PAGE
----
It’s the most famous sauce in the world to serve pasta, taken from the Italian tradition and used by chefs and home cooking in every part of the globe. In Italy it’s called “Ragù”, but in the rest of the world we all refer to it as “Bolognese”, with several alternative recipes which are to be considered incorrect. Even in Italy there are several regional versions, and the expert don’t totally refuse the existence of completely legitimate regional alternatives. What we will try to do in this article is to tell the story of how the recipe evolved until today and then describe the recipe and the procedure considered to be the most correct.
Although somebody dates back the origin of bolognese sauce even to the ancient Romans, it is unquestionable to say that it comes from the French “ragout”, which etymologically means “to awaken” (the appetite). However, the French ragout was more similar to the modern stew, which was obtained by long cooking a main element (like meat) together with vegetables, in a broth or in wine.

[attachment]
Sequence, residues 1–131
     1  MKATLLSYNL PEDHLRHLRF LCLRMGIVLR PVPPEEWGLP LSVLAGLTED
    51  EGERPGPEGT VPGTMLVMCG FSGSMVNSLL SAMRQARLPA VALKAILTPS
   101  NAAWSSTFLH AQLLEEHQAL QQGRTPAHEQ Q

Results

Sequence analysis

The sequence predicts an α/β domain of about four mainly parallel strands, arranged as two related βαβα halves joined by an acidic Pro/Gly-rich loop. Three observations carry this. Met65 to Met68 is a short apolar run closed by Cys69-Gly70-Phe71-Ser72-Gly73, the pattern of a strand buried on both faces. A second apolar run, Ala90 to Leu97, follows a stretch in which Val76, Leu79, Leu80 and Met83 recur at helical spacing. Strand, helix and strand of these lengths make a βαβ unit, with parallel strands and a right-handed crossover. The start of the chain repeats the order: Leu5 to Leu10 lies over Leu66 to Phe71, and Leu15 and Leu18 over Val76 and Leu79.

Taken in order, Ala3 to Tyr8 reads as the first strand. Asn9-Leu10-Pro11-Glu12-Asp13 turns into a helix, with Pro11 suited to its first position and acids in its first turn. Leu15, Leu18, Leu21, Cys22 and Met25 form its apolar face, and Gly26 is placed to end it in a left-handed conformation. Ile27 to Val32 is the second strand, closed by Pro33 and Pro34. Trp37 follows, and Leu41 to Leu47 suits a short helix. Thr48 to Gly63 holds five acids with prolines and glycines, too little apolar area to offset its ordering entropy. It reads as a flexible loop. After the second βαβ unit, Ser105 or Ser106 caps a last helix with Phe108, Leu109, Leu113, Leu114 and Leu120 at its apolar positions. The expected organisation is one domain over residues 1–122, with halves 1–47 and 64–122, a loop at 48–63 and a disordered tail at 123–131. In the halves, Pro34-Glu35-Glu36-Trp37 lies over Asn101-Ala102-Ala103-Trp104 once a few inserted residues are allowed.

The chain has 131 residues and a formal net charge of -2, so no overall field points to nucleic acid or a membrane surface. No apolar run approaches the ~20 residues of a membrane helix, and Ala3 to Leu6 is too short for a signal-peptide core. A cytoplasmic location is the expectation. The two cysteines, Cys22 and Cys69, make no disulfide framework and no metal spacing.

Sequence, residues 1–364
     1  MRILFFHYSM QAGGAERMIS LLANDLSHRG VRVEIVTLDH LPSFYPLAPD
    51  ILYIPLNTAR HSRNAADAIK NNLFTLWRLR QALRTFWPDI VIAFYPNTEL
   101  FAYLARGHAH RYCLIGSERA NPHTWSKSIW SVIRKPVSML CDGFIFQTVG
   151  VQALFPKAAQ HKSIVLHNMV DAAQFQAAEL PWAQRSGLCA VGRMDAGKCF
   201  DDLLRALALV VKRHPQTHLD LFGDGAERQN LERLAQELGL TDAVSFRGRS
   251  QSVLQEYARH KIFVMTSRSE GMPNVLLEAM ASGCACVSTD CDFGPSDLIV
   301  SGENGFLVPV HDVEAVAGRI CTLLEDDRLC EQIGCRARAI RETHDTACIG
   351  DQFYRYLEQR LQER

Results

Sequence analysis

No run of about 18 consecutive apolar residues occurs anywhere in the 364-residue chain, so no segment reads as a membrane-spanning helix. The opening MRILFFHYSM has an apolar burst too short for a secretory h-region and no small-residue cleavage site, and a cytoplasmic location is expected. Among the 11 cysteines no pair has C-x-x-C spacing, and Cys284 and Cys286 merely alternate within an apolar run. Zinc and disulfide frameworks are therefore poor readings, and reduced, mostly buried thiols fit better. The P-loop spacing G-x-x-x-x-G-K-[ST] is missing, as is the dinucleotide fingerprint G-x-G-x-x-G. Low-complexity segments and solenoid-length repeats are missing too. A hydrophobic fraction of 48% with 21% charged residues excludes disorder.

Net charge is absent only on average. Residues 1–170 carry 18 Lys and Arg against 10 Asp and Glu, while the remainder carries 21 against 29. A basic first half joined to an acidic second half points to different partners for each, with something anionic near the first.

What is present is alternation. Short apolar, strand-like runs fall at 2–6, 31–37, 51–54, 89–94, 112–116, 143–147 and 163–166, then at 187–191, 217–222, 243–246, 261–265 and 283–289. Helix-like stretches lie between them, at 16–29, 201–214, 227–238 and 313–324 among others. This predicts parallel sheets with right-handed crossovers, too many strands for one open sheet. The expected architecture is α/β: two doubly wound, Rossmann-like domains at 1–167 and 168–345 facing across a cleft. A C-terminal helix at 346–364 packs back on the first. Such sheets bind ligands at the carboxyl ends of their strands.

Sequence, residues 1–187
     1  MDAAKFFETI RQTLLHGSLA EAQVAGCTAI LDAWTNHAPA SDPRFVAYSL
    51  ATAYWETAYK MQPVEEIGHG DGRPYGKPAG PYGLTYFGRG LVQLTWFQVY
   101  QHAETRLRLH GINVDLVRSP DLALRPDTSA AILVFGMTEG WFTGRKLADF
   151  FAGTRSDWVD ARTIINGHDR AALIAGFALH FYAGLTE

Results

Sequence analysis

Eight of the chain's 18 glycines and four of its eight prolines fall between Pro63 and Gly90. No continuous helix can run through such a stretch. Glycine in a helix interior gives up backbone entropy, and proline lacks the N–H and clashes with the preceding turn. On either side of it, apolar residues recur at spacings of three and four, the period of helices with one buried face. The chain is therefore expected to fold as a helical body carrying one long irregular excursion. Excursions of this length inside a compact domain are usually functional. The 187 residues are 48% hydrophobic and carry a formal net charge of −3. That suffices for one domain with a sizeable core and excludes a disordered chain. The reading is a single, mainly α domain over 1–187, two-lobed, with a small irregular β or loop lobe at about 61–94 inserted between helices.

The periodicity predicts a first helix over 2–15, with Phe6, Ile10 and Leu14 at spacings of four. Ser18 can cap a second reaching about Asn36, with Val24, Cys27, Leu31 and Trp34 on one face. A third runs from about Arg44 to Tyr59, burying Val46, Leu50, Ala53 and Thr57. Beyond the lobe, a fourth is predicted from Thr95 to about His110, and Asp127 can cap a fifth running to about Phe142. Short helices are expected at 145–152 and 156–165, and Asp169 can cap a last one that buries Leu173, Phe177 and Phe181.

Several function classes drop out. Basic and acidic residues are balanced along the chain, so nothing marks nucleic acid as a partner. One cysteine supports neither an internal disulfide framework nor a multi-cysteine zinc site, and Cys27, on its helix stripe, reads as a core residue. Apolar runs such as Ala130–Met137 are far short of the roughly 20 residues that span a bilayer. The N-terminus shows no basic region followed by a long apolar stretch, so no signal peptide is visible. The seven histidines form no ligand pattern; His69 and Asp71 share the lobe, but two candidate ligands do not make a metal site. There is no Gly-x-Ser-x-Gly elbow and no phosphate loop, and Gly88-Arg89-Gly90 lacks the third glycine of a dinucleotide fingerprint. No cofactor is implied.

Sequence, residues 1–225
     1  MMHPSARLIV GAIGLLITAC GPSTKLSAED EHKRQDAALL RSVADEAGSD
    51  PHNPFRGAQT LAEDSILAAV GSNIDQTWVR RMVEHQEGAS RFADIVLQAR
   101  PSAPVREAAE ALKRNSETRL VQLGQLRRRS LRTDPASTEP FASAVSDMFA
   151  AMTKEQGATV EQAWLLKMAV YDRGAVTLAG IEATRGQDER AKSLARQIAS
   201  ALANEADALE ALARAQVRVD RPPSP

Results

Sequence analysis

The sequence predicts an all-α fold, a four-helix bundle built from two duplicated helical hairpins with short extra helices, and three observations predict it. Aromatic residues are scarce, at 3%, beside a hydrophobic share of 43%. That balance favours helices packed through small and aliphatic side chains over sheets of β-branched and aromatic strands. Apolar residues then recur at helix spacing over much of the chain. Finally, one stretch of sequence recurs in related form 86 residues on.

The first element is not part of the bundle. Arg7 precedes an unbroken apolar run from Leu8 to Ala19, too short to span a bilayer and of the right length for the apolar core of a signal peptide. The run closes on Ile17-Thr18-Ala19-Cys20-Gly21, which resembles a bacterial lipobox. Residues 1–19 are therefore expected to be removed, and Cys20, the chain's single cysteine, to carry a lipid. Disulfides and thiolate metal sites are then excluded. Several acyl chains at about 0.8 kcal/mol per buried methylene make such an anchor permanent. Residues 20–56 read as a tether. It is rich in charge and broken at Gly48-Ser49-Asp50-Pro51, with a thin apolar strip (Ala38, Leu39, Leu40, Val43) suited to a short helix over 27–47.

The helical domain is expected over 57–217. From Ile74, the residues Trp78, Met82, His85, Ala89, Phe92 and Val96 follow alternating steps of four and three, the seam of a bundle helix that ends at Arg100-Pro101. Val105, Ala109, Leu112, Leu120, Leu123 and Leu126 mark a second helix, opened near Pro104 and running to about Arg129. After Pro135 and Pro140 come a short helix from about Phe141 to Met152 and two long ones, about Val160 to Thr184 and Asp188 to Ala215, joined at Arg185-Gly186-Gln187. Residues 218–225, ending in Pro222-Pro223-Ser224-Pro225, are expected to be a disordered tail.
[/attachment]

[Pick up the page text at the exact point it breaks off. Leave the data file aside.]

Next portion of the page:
Using a similar recipe to season pasta is a subsequent achievement, consolidated after pasta began to become more and more protagonist of Italian cookbooks. It is said that the first to try the experiment was the cook of Louis XIV of France, awho came from Bologna: he used ragout sauce to season pasta, but he excluded the meat, which was still served separately. According to the in-depth story told by the Italian food authority Il Gambero Rosso, the same thing happened in the first versions that appeared in Italian cookbooks in the late eighteenth century: bolognese sauce was still a meat dish that did not meet pasta. Even the first versions of “maccheroni alla napoletana” (Neapolitan macaroni) , always from the late eighteenth century, used the sauce obtained by cooking meat to season pasta, but there was no meat in that plate. In Puccini’s Bohéme, the opera written in the late nineteenth century, “ragù” was simply a meat dish.
Throughout the nineteenth century, however, pasta recipes seasoned with sauces and meat began to spread. These recipes did not always use the term “ragù”, precisely because that commonly identified a dish without pasta. At the same time, tomato sauce started to be progressively more present, turning the sauce into red, similar to the one cooked today. At the turn of the twentieth centuries, Bologna became the capital of bolognese tradition, with a number of cookbooks that will increasingly define the recipe. Recipe that, however, will continue to evolve until recent times, with the presence or absence of different vegetables, mushrooms, truffles or milk.